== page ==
Relaunching the blog

Ever since I started this blog, several years ago, I have been using WordPress as my platform. This has given me the options to maintain the entire site from one place, whether it has been static pages (such as about me, privacy policy for apps etc.), personal CV or the blog. Now it’s time for me to change this up.

The reasons

Lately I have been unhappy the blog in terms of performance, as I feel the load time has been to high. One of the likely reasons for this is that I’ve had quite a few plugins installed, to get the functionality I’ve required. Sure, I could have cut back on some of them, but most of them were there to keep the blog stable.

Another thing I started to dislike was all the overhead that comes with WordPress. I am now at the stage where I just maintain this site as a blog, and WordPress can be said to be a full CMS. I have seen the need to use something entirely focused on blogging.

The new choice

As of today I am moving over to Ghost. As stated on their site:

Ghost is a platform dedicated to one thing: Publishing. It’s beautifully designed, completely customizable and completely Open Source. Ghost allows you to write and publish your own blog, giving you the tools to make it easy and even fun to do.

Over the last few months or so, I have read a lot about Ghost, and I believe it is the right choice for me. Using it allows me to focus on the important thing, writing. So far I am generally quite happy with the backend, as well as the frontend. After some searching and browsing, I was able to find a theme I could enjoy (as I didn’t want to create one myself), and it was rather easy to set this up.

Some technical stuff

Ghost is open source and free. You have the option to use shared hosting using Ghost Pro, but I like to have control (at least to some extent) over my own content. Seeing as Ghost is powered by Node.js I had to find another option than my usual web host. I ended up choosing to host this with Microsoft Azure. The setup there was smooth, and I am able to scale up if I suddenly get tons of traffic. As for the installation and conversion of all my WordPress posts, that will be in another post, where I will go through some of the difficulties I had to solve.


So far I am happy with Ghost, and I am excited to see how it works out in the future. There is still some work left to do at this time, in terms of converting all code samples I have in the older posts, but I’ll take that over the next week. Also I still have my WordPress site up, which I will need to take down, after I have set up proper redirection.

To end this post, I’d like to hear what your experience with Ghost is, so please share it in the comments!

6 thoughts on “Relaunching the blog

  1. Hey, you got it done. Looking good! I’ve been reading into Ghost as well. I’d def like to know more about your experience from WP->Ghost.

    1. Thank you. I’ll be posting a post on my experience with the transition today or tomorrow!

  2. Great choice Leif!

    I’ve delved pretty deep in the Ghost world so far. I’ve written a theme and I’m hosting my blog on AWS though I’m still running on a much older version.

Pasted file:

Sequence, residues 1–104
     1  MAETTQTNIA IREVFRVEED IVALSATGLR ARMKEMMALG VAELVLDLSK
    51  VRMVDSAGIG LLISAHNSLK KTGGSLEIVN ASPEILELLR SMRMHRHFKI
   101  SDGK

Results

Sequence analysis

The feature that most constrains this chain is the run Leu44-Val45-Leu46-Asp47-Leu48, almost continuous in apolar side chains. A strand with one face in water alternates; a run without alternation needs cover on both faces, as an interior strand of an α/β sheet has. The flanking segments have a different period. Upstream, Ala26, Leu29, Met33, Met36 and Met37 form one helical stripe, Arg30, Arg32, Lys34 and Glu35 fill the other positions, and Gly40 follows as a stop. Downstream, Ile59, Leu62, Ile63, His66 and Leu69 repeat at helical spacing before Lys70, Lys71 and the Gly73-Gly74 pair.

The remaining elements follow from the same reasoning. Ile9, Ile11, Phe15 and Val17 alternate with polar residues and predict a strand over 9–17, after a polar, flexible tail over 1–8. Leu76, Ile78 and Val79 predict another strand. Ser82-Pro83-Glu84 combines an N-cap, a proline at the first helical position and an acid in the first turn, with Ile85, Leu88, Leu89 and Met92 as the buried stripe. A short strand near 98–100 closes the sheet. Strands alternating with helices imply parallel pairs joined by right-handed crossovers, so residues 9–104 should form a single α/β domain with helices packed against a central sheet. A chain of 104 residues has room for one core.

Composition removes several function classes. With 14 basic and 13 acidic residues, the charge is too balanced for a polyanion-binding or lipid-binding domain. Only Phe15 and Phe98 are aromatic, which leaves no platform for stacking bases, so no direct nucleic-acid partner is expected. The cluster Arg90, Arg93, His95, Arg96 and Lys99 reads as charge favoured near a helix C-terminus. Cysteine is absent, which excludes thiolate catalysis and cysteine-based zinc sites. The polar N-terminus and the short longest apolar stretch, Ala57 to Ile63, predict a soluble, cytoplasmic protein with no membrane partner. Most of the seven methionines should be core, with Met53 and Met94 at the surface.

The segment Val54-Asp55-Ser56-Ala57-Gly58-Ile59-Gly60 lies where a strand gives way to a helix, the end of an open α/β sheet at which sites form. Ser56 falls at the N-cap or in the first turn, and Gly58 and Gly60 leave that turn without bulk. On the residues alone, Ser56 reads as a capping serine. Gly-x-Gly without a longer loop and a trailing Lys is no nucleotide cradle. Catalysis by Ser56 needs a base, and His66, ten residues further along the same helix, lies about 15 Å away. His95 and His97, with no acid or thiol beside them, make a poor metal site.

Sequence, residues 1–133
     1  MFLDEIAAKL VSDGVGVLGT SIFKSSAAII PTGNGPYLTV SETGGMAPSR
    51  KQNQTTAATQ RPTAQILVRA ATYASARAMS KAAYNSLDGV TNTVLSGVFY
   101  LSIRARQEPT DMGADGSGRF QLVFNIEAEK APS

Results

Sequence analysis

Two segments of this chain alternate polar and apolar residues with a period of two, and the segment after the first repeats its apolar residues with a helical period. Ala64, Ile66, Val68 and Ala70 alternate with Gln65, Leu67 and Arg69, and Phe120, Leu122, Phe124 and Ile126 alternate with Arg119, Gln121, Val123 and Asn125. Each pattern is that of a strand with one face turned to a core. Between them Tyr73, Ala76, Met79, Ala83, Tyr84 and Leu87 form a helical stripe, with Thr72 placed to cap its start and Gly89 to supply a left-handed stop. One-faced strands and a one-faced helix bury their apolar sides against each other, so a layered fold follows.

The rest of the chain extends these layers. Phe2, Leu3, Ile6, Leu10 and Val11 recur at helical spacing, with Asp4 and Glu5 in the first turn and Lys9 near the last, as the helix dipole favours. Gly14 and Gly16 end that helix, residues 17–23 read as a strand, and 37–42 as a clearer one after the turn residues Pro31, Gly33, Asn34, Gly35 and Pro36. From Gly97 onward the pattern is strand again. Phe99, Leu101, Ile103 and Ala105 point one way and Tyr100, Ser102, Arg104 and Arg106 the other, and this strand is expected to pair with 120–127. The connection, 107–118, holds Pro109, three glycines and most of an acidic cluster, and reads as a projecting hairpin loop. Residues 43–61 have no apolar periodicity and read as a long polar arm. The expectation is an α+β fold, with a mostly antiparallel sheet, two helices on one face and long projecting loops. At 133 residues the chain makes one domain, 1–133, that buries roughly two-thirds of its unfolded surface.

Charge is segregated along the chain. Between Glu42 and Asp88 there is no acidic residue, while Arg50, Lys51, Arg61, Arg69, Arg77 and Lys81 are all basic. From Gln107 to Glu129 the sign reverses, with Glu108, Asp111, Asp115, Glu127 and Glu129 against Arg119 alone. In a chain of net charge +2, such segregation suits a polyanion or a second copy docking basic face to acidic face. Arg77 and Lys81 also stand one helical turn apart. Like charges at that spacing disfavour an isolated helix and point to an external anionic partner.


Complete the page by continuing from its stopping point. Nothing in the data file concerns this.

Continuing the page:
If you’re interested in learning further I posted a 3 part series on how to host your blog on AWS and make it continuously deliverable (e.g. on commit)

    One thing I would say though is that hosting on AWS isn’t particularly cheap if you keep EBS (Elastic Block Store) backups. I’m looking at backing up to Amazon Glacier instead.

    As far as Ghost vs WordPress goes, you’re right WordPress is very heavyweight. I feel that if you’re just running a blog you should probably host that part of your site on Ghost and other more powerful features using WordPress or another custom CMS. A hybrid site might be a better solution going forward. However, for your purposes Ghost sounds perfect!

    I’m writing a book called The Ultimate Ghost Blog right now which will go through everything from hosting a blog using AWS, to writing themes, making it green-blue deployable with 0 downtime and scaling your blog out to multiple servers (that’s the intention!).

    Welcome to the Ghost family šŸ™‚

    1. I will probably not move to AWS, but I will look into your continously deliverable series. My guess is that I can use the general ideas for Azure as well?

      I am also looking forward to your book, that will probably be an interesting read. Let me know when it is ready!

      1. You can absolutely apply the same principles. I use hit webhooks to pull artifacts on push but it will only deploy if the md5sum of the git zip archive has changed (allowing incremental changes).

        Book hasn’t been started yet but I have research and some content. It seems there’s enough interest that people would be interested in reading it.

        Do you think there would be interest in SEO etc for blogs and stuff like workflows and how to run a social media profile with little effort?

        1. I know I would be interested in a book about SEO and workflows, but I’m not sure if I personally would want to read it in the same book as a deep dive into Ghost. Guess it depends a bit on the angle of it though.

          If you need any reviewers when you’re at that stage, let me know, and I’ll gladly read and give some feedback!

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